Getting Past Rate Fixation to the Benefits of the Clean Power Plan


Making use of energy efficiency can help contain the cost of complying with the EPA’s Clean Power Plan and reduce electricity bills. Yet as climate policy discussions try to balance the urgent demand for quick action with upfront capital investments, energy efficiency isn’t without its skeptics. As efficiency programs are being ramped up by utilities with an over-capacity of power plants, rates may also rise for a few years before they fall. Policymakers and stakeholders need to get past “rate fixation” to see the long-term value of energy efficiency. With the strong “nudge” of the Clean Power Plan, we have an opportunity to cut future electricity costs while addressing climate change.

The Clean Power Plan allows states to implement their goals through “building blocks”, including energy efficiency. By placing a value on reducing the CO2 intensity of electricity, more energy efficiency measures become cost-competitive. Policy discussions increasingly suggest the need to capture low-cost energy savings and avoid the “lock-in” of long-lived infrastructure that wastes energy. As energy is used more efficiently, non-competitive plants can be retired, new plants can be deferred, and transmission and distribution infrastructure investments can be delayed, all of which can lower long-term costs.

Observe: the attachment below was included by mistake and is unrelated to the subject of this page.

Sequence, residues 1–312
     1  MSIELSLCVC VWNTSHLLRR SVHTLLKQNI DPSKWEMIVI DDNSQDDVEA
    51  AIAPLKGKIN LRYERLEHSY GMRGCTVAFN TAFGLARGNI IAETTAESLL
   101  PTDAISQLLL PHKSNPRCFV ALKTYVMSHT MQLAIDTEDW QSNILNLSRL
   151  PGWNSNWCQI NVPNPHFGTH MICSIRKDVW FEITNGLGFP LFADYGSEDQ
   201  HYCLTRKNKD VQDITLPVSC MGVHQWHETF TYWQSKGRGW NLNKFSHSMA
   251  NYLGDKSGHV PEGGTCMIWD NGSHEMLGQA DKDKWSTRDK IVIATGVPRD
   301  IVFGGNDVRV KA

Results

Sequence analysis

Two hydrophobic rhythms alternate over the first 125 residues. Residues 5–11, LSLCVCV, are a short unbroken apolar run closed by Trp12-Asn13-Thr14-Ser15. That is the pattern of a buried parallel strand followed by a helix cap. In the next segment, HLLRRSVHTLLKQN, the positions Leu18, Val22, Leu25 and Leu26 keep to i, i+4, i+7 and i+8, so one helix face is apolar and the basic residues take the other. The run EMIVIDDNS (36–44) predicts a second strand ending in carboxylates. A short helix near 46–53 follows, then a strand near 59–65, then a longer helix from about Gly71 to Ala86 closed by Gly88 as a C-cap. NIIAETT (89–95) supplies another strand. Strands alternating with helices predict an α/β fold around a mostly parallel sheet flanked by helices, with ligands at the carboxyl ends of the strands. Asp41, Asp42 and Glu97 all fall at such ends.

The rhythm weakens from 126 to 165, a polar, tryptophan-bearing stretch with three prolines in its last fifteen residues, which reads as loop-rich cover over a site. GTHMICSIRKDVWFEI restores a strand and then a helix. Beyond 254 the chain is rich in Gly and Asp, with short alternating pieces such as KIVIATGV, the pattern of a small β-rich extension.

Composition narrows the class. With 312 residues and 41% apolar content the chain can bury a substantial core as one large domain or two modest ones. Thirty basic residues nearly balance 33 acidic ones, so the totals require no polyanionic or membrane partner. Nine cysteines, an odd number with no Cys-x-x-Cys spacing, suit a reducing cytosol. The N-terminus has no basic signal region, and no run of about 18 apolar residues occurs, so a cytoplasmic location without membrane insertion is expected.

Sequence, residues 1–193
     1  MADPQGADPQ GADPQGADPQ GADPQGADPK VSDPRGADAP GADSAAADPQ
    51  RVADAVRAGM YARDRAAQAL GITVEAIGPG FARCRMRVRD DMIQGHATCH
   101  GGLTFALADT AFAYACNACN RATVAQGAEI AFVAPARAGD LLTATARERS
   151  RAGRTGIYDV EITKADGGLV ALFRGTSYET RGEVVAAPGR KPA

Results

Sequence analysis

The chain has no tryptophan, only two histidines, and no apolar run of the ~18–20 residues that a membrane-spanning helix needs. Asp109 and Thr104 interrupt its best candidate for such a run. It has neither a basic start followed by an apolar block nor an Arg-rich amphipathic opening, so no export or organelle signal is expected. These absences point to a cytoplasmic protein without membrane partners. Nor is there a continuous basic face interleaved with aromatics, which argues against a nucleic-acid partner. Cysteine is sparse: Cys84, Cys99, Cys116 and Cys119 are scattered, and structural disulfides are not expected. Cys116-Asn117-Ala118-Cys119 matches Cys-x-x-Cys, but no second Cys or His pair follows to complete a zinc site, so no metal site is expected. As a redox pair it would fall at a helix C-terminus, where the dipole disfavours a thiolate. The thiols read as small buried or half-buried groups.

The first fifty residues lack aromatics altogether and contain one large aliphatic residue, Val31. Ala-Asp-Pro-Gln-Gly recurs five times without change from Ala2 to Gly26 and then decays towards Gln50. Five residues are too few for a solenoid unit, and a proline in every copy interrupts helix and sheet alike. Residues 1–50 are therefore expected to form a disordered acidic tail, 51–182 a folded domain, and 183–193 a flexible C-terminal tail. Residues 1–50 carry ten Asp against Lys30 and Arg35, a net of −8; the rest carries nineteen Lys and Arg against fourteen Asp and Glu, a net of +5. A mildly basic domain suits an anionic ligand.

The payback may be delayed because of the lag between reduced demand and savings from deferred expenditures on future supply-side capital expenditures, like new natural gas combined cycle plants, transmission and distribution. During this period, the stigma associated with rising rates needs to be contained. Particular attention should be paid to ensuring that efficiency programs include low-income households as a means to defuse concerns over short term cost increases. Our electric system was built by taking a long term approach and the Clean Power Plan affords us a chance to capitalize on efficiency investments that can pay long term-dividends.

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